2013 NBA All-Star Game: Who Should and Shouldn't Be There
There are always several head-scratching omissions from the NBA All-Star game every year.
It's no different this year.
In addition to some questionable All-Star reserve selections, there are also some players starting the game who really shouldn't be there.
The reserves for the East are Kyrie Irving, Jrue Holiday, Tyson Chandler, Joakim Noah, Luol Deng, Chris Bosh and Paul George.
Russell Westbrook, James Harden, Tim Duncan, Tony Parker, LaMarcus Aldridge, David Lee and Zach Randolph make up the reserves for the West.
Some of those players, however, should not be involved in the game. Here are six examples of who should and shouldn't be a 2013 All-Star
Kevin Garnett Should Not Play
"The Big Ticket" is a legend, no question about it. But it was a mistake for the fans to pick Kevin Garnett to start in his 15th All-Star game.
Not only does he not deserve to start, he doesn't deserve to be in the game at all. According to NBA.com, he's averaging only 14.7 points this season, which is one of the lowest totals of his career. He's also averaging just seven rebounds per game, which is the second-lowest rate in his career, right in front of his rookie season when he averaged 6.3.
That, and the Boston Celtics' record is 20-21.
Yes, the fans choose which players they want to see in the All-Star game. Sometimes, the picks aren't justifiable. This was one of them.
Either Chris Bosh or Brook Lopez should have been voted into that starting spot because both have played better than Garnett this season.
Stephen Curry Should Play
Stephen Curry's ankles are healthy this year, and that has meant trouble for opposing teams.
When he's feeling good, Curry is one of the most exciting guards in the NBA. This season has proved that.
Per NBA.com, Curry is averaging a career-high 20.9 points per game as well as 6.6 assists per game, also a career best.
The Golden State Warriors are also 26-15, and they wouldn't be there without Curry's fantastic play.
If nothing else, he should have been selected over his teammate David Lee.
Dwight Howard Should Not Play
The Los Angeles Lakers have been a miserable failure this year with a mediocre 17-25 record. Dwight Howard has averaged his fewest points per game since his second year in Orlando while also displaying a stunning immaturity in L.A.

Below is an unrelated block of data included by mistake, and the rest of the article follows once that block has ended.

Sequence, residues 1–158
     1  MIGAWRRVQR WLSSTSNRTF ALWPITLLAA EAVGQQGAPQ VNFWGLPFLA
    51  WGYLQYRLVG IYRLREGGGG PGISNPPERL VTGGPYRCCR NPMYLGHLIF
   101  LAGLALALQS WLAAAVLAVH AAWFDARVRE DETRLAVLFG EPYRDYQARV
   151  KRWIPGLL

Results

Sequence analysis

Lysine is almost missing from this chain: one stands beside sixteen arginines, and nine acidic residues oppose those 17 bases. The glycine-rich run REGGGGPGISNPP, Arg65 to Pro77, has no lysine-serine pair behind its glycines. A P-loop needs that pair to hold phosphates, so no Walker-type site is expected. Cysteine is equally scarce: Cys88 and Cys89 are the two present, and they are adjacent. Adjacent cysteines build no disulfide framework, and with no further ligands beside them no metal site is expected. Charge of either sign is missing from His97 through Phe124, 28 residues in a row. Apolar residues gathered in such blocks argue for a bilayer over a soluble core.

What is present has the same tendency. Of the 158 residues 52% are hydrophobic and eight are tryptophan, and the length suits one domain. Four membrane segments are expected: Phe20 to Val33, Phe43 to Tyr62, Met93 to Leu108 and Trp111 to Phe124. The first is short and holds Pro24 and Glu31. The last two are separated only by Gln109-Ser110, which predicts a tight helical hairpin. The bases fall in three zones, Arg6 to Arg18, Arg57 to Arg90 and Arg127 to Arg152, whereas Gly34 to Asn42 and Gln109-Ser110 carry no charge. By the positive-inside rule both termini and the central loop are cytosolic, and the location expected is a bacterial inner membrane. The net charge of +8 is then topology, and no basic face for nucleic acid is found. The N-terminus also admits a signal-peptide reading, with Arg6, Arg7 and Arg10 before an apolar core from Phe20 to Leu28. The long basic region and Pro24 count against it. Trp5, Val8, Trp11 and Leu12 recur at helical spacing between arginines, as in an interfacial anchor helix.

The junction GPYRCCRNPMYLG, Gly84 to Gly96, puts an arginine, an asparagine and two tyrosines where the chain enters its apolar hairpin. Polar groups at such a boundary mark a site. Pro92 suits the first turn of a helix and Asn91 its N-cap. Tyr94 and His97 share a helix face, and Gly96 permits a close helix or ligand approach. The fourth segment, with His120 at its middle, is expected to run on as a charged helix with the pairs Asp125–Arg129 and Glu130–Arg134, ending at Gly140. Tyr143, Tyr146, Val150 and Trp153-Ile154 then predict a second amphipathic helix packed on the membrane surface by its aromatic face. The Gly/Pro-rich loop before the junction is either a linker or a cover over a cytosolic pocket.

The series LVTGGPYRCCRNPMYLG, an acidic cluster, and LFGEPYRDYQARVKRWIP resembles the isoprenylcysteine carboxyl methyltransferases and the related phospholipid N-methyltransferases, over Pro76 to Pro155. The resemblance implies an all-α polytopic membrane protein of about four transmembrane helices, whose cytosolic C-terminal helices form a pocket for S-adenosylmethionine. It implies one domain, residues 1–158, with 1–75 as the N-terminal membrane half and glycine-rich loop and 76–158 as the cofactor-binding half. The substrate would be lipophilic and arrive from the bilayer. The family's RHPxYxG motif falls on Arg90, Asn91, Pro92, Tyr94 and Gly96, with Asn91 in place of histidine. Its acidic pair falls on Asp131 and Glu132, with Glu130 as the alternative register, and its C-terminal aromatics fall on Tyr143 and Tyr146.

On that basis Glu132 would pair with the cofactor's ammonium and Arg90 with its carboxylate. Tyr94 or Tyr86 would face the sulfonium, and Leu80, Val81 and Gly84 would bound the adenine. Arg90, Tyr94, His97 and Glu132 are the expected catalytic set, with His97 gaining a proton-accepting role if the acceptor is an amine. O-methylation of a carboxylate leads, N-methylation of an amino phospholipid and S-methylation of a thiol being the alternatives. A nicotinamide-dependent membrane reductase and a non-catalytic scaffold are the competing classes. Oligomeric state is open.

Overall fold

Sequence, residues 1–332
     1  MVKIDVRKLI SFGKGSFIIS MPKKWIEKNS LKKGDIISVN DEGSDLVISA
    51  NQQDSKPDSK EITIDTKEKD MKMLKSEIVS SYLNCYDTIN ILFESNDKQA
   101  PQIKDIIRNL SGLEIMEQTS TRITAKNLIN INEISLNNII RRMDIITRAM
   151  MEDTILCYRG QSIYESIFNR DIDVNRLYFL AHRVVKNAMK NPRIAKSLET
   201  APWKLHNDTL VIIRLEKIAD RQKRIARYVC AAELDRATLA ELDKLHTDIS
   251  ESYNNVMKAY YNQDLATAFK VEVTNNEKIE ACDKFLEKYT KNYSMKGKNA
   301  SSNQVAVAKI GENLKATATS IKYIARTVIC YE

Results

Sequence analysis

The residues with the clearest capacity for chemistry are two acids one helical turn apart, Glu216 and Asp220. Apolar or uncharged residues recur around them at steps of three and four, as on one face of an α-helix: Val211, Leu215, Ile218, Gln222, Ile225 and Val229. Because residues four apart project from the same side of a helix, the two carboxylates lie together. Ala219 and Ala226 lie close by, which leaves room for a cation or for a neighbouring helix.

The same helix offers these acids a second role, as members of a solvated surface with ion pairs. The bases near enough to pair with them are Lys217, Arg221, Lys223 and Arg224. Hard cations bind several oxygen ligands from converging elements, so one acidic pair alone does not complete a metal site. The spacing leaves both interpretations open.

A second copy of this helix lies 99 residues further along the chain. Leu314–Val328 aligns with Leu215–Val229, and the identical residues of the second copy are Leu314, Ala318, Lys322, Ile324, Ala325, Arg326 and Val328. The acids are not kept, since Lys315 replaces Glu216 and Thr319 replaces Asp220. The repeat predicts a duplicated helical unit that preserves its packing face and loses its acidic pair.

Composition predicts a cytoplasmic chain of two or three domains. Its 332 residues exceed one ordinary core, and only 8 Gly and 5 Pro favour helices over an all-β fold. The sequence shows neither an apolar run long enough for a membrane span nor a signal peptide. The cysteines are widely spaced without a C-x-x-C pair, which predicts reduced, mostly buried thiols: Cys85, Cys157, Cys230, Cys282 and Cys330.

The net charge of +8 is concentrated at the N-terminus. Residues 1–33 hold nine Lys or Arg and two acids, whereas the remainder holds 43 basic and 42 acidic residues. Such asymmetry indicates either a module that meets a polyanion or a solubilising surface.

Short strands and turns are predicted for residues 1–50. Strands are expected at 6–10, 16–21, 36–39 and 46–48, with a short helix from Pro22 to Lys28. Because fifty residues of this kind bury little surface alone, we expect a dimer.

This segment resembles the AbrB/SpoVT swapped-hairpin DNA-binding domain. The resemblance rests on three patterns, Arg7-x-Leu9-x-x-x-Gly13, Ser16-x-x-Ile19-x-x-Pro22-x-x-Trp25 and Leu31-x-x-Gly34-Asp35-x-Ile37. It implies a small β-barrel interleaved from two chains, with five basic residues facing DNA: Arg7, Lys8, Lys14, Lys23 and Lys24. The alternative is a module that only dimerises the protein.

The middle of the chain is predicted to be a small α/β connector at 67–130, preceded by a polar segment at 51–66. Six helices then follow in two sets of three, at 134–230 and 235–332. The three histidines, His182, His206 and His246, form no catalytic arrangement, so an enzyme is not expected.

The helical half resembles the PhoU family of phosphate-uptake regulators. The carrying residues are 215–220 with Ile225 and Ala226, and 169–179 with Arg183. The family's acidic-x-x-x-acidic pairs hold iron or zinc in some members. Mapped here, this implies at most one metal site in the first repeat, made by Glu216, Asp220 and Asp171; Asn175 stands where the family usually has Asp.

And he gets voted into a starting spot in the All-Star game? You can't see it, but I'm rolling my eyes.
This is a good reason against letting fans vote. But again, it's their choice regarding who they want to see.
Howard doesn't even deserve to be in the game this year. By being voted in, players like Stephen Curry were forced to be snubbed in the West.
LaMarcus Aldridge Should Not Play
LaMarcus Aldridge isn't having a bad season, he is just the least-deserving All-Star in the West.
Although he's scoring 20.6 points per game, according to NBA.com, it's still a down year compared to the past two seasons in terms of scoring.
Instead of Aldridge, Nicolas Batum and Damian Lillard should have both been given some consideration. Both have played great this year and have certainly helped the Portland Trail Blazers to a 21-21 record despite having almost no bench production.
Brook Lopez Should Play
Brook Lopez is the one man on the Brooklyn Nets roster who deserves to play in the All-Star game.
He's averaging over 18 points per game, over seven rebounds per game and over two blocks per game. He's playing the best defense of his career and has become a better overall rebounder.
He's doing it all with less playing time than any of his other three healthy seasons. He's playing better while playing just a shade under 30 minutes per game.
Who would have thought Lopez would deserve an All-Star nod ahead of Deron Williams and Joe Johnson? Give the guy some props.
Now with a shocker for the final slide...
Andre Drummond Should Play
This is an ultra-reach, but hear me out.
Andre Drummond has played way above expectations during his rookie season with the Detroit Pistons. In only 20 minutes per game, he's averaging over seven points, seven rebounds and almost two blocks. If he played starter minutes, he would likely be averaging a double-double.
More impressively, he's shooting a blistering 61 percent from the field—fourth-best in the NBA and first among rookies.
If nothing else, he should be an honorable mention.
Even though this is a stretch, you cannot deny the Connecticut alum has played extremely well this season.